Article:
It is in large part due to the collaborative efforts of the Albanian diaspora that Albania and Kosovo are in an improved political and social position today. Democracy and liberty for the Albanian people are thriving. Now is the time to take the next step and leverage the Albanian diaspora further.
At this stage, the Albanian diaspora must focus on influencing political developments in their home countries. Through their efforts democracy, economy, education, welfare, and culture will thrive.
The United Nations 2030 Sustainable Development Agenda has stressed the importance of harnessing the contributions of transnational migrants. To this end, many institutions and organizations in the western countries have developed diaspora initiatives, and many states have established a mechanism for engaging the diaspora. Technological advancements provide for ever more opportunities to link people and resources efficiently across borders. Today’s challenge is developing new strategies and instruments to harness the energy of the diaspora to influence developments in their home countries effectively.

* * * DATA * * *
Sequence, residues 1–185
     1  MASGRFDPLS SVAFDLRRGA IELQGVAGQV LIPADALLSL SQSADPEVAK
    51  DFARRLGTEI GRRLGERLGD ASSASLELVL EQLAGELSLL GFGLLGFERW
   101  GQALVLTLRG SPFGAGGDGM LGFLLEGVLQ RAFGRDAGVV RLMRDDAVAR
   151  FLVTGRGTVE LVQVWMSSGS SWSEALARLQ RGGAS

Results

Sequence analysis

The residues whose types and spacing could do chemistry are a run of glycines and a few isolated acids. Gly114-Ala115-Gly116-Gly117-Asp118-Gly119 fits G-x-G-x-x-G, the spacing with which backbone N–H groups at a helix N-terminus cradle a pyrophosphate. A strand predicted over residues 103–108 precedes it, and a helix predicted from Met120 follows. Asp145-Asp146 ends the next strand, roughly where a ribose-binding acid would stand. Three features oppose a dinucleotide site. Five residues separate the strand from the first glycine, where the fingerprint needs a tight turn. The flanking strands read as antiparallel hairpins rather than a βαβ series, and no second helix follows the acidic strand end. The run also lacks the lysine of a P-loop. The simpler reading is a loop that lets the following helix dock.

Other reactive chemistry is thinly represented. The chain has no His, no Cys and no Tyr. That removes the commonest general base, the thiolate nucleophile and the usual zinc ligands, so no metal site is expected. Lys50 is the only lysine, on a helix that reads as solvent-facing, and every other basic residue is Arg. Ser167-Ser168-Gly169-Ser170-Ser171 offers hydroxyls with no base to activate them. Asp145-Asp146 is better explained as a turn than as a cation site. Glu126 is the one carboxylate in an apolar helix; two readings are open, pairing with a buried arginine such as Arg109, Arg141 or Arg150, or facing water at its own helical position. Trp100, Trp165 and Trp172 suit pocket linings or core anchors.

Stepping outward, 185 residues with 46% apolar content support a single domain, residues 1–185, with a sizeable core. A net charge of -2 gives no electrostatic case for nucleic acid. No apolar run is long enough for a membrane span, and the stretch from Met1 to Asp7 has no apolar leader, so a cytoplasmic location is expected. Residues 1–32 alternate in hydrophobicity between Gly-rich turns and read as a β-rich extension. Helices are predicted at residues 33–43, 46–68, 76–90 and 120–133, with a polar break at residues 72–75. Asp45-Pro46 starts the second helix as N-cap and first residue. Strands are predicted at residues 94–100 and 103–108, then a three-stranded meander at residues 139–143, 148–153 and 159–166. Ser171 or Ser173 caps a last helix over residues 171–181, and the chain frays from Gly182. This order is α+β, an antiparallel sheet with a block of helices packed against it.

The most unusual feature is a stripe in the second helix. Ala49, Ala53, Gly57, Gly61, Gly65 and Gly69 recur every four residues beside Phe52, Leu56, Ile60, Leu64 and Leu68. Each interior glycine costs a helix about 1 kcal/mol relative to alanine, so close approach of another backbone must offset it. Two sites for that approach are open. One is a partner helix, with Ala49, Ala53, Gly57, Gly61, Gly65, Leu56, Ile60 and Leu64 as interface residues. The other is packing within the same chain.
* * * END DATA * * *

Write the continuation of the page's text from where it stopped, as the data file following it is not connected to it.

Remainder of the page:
In the past twenty years, a large number of high school- and college-aged Albanians who emigrated have focused on their education. They received training and have had opportunities to engage with prestigious institutions in developed democratic countries, developing skills in the social and political sciences, natural sciences, medicine, technology, arts, as well as business and economics.